Print24 June 2014   |   The Victorian government has announced further changes to the funding of VET courses – which it has done several times previously over the past year. The Australian Council for Private Education and Training ACPET has called on the Victorian government to rethink the latest cuts, with ACPET chief Claire Field pointing to the disruptive impact on both RTOs and intending students of the constant changes to funding arrangements. She said that the latest changes come, as previous changes have, with no notice to the sector and serve to penalise those providers who were doing the “right thing” – those who had set fees which the government thought were reasonable. These changes “lock providers into an extremely difficult six months as they try and provide a quality education to their students with less funding from government.”   The latest round of changes to fees and funding policy, for the first time, includes apprentices in the eligibility rules. There will now be apprentices who will have to pay full fee for their courses or not proceed. …..[ MORE ]….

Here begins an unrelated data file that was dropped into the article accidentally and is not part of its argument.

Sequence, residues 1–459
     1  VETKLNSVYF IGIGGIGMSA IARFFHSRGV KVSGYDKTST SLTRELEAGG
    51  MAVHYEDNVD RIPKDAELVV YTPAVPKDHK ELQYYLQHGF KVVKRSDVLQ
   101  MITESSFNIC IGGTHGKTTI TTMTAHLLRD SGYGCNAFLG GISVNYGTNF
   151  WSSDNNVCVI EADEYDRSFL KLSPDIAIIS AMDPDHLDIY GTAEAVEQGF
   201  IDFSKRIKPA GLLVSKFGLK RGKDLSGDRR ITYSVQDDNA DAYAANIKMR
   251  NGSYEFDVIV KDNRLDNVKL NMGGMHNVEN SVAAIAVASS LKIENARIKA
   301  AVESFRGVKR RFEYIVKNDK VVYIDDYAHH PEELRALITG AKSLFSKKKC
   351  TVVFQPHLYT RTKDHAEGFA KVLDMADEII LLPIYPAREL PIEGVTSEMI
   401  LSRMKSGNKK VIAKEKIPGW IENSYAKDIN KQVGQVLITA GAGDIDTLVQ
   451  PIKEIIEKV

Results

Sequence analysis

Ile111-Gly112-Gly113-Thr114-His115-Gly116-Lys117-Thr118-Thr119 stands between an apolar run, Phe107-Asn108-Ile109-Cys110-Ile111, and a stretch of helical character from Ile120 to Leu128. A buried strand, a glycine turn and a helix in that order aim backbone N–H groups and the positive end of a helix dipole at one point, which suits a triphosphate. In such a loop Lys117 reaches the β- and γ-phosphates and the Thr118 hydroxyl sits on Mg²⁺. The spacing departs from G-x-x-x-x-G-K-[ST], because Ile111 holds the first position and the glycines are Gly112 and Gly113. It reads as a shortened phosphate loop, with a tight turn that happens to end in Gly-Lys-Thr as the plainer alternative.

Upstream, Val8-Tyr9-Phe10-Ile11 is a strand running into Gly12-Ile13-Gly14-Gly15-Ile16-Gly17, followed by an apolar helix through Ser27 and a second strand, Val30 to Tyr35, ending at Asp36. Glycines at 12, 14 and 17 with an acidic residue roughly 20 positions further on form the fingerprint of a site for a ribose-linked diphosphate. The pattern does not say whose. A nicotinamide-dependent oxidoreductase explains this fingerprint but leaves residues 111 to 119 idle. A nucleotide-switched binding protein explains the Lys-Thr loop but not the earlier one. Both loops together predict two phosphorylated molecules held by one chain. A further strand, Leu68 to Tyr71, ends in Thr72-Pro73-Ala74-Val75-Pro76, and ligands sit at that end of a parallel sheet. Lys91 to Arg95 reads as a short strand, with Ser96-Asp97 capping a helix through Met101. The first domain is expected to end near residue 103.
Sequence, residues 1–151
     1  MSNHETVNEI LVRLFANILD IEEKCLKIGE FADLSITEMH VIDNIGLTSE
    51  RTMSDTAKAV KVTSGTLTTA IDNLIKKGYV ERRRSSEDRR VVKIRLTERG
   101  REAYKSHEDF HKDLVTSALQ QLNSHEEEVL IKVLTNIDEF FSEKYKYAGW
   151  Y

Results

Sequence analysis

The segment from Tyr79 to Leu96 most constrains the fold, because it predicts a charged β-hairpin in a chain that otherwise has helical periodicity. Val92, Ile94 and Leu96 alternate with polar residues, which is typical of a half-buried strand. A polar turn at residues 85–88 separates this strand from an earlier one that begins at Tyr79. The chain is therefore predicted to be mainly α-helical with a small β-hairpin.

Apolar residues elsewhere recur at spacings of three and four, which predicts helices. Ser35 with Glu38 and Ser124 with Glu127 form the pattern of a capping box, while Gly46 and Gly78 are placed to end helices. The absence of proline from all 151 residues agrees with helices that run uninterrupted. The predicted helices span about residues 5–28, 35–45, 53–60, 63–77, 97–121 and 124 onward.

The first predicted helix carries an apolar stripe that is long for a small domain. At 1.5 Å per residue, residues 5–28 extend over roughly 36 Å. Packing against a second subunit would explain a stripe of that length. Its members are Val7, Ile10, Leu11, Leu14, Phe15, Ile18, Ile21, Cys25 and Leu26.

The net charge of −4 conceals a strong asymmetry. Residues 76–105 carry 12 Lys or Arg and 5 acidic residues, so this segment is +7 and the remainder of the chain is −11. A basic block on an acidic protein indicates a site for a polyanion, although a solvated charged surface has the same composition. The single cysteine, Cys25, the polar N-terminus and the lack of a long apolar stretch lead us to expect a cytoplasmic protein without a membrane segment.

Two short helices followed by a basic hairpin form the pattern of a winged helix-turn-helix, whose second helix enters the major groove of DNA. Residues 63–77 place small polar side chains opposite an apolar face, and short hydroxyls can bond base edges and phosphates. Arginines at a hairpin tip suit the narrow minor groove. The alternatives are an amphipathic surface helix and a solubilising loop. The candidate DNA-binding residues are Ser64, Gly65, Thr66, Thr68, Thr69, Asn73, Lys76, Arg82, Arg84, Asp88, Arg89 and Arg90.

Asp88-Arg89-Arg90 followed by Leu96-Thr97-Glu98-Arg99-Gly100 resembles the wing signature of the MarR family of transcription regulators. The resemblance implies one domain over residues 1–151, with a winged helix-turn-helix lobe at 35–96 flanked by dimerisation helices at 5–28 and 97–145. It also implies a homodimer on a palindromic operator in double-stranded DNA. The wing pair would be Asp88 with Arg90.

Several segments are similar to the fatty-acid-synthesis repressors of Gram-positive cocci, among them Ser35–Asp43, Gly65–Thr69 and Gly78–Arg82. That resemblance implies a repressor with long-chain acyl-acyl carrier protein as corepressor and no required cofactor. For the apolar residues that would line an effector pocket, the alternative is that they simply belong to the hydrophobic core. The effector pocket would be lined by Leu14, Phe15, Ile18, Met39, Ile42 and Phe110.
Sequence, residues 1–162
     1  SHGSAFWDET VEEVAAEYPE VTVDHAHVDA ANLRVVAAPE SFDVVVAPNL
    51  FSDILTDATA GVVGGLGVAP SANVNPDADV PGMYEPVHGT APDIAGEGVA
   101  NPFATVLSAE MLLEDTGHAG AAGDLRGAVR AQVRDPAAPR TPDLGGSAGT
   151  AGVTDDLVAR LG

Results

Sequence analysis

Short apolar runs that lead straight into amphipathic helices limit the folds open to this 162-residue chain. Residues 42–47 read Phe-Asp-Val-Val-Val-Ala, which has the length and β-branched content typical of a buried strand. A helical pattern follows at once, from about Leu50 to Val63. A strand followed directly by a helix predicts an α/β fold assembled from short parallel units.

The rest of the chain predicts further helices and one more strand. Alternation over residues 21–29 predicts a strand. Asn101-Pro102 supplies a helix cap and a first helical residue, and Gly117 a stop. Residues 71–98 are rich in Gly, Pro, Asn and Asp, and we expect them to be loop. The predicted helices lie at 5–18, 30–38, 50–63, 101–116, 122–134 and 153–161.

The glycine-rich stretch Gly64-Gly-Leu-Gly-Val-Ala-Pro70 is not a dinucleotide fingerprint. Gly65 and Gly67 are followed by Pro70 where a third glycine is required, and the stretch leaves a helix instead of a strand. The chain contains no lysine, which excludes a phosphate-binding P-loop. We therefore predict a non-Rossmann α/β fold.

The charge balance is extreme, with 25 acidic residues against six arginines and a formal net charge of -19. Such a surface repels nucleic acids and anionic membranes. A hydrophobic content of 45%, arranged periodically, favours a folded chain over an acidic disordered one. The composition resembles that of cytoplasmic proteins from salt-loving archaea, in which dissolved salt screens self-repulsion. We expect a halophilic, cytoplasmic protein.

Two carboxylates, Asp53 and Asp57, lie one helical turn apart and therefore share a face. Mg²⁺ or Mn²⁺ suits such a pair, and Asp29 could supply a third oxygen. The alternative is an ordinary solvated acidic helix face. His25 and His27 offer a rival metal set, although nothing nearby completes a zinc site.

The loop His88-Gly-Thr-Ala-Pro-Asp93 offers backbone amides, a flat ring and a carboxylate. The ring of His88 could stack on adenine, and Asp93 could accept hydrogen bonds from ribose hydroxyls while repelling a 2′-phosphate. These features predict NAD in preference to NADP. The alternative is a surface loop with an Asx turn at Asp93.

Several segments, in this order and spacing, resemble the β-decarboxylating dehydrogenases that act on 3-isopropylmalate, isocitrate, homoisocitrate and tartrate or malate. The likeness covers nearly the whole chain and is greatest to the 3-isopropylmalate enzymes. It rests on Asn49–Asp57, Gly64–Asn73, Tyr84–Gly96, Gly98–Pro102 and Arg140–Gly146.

VET in the Budget – government statement skills (1)

22 May 2014   |    The “tools for your trade payments” for apprentices will cease from 1 July 2014. It will be replaced immediately with a Trade Support Loans Program providing $439m over five years to provide apprentices with financial assistance up to $20K over a four year apprenticeship through a student loan repayment scheme. The Government will also establish an Industry Skills Fund to provide $470m over four years to support the training needs of small to medium enterprises that cannot be met by the national training system. Expenditure is budgeted to decline about 13% in 2014-15 over 2013-14 (from $1.67 billion to $1.45 billion) and 8% over the four years to 2017-18 (to $1.55 billion)…..[ READ MORE ]….

Uni Melb logo540 jobs to go at Melbourne

6 June 2014    |    The University of Melbourne plans to cut 540 administrative jobs (15% of its non-academic workforce) by January 1, 2016 as part of a $70 million savings program. The job cuts do not include academic staff. Vice chancellor Glyn Davis is hopeful the impact on staff can be minimised through natural attrition and by focussing on reducing the total number of casual and fixed term staff….[ READ MORE ]….

Redefining VET in the global economyJennifer Westacott